Agents of S.H.I.E.L.D. aired its fifth season, which, to say the least, was disappointing. After the fourth season was absolutely spectacular, the follow up was a rather dull, plodding escapade that felt like it was meant to tie-in with Infinity War, but never made it. Highlights included a Kree-controlled last human colony, Fitz and Simmons finally tied the not, Graviton finally showed up, and Phil Coulson retired from spy life. Hopefully, the sixth season will be an improvement.

Over on Netflix, all four of the Defenders solo series aired their second/third seasons. Jessica Jones was out first, with another great performance from Krysten Ritter, but felt a little wasted in places. The villains weren’t as interesting as Kilgrave, the pacing dragged, and characters acted like jerks a little too much. Still, it did have some interesting focus on addiction and the like.

Luke Cage was next, with a mix series, that infamously sent Claire Temple to limbo about three episodes in. It had some great bad guys, but the series’ ending felt incredibly forced. The biggest surprise was the vast improvements to Iron Fist, ditching the slog of the first season and dedicated itself to improving the pacing, story, and characters. Then, Daredevil’s third season wrapped up the year, harkening back to what made the first season great. The welcome return of Vincent D’Onofrio as the Kingpin, and Wilson Bethel as Bullseye was an absolute blast.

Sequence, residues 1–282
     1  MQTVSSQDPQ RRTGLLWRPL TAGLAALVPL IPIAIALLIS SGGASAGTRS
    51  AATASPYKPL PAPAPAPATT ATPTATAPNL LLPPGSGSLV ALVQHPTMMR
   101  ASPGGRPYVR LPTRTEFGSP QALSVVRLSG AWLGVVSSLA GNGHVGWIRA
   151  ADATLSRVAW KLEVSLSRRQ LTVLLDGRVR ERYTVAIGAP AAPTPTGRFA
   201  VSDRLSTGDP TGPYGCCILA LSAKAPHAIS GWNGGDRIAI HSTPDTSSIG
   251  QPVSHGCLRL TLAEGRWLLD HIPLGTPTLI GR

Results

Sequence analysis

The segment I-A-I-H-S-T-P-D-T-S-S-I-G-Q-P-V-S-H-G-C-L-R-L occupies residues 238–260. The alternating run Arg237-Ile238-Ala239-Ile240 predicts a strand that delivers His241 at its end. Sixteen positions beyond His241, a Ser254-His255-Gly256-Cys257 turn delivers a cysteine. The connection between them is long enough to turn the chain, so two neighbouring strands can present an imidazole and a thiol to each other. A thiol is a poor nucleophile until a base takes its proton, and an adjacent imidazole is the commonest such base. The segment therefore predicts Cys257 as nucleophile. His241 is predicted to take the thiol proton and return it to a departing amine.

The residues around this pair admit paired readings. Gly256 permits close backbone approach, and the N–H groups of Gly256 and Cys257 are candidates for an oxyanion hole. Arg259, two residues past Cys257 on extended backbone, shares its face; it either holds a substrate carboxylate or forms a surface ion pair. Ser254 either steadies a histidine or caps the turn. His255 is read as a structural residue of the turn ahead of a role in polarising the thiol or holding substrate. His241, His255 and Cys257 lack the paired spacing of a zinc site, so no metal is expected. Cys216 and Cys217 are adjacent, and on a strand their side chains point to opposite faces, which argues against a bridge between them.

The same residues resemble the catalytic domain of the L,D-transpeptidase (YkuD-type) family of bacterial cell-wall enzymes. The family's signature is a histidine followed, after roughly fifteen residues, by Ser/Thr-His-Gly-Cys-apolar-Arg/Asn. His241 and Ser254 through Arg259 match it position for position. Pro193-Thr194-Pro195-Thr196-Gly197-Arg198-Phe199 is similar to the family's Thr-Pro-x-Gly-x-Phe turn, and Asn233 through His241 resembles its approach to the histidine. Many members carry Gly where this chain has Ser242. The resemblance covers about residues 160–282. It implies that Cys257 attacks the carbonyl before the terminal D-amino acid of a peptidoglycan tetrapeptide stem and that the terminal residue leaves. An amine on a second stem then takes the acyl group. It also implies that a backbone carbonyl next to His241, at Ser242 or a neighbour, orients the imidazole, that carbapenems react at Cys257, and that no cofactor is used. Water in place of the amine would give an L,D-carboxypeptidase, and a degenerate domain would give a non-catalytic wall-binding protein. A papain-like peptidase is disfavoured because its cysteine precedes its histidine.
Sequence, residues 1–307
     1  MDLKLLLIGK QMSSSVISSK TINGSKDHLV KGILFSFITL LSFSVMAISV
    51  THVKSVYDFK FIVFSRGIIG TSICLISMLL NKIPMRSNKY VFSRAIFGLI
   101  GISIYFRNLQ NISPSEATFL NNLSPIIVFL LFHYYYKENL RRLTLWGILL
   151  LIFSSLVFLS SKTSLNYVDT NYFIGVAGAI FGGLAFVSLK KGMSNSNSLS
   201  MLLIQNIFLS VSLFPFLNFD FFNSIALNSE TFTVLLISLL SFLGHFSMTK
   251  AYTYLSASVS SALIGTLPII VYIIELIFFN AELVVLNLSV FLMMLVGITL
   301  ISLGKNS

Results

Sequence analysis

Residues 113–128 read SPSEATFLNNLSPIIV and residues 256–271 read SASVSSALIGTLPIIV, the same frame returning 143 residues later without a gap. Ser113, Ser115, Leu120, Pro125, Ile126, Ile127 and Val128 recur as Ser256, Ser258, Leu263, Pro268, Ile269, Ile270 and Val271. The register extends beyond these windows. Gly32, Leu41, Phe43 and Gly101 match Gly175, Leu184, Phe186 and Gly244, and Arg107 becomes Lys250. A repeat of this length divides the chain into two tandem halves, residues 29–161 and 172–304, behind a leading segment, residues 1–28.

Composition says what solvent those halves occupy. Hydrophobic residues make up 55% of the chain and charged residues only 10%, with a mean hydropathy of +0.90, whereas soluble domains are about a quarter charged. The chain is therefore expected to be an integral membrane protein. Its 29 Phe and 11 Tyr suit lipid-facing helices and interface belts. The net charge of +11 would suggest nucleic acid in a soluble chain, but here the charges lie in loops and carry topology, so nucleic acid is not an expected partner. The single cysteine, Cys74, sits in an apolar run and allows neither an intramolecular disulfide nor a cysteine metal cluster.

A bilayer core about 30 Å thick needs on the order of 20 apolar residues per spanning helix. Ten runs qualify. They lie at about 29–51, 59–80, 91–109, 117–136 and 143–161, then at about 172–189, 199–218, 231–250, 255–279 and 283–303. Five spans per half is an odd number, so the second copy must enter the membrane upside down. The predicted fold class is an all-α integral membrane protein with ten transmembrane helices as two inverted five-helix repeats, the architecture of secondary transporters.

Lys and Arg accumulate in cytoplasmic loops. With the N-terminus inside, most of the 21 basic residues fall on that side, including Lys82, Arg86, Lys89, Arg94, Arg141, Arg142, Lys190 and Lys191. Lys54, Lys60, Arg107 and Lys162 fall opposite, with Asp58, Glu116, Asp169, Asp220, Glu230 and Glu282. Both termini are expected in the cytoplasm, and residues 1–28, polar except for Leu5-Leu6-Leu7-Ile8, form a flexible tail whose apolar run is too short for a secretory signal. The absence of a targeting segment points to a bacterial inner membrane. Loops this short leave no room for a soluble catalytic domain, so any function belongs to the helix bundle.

But, then something weird happened. Netflix began cancelling the Defender TV shows one by one. Could it possibly be because Disney announced their own streaming service to rival Netflix? Will wonders ever cease?


20th Century Fox has been bought by Disney, so expect the House of Mouse to revive all of the studio’s franchises and milk them to death in the space of three years. One good thing is that both the X-Men and the Fantastic Four may or may not appear in the MCU at last. Presumably, this mans Fox’s long-running X-Men film franchise will either be rebooted or fused into the MCU.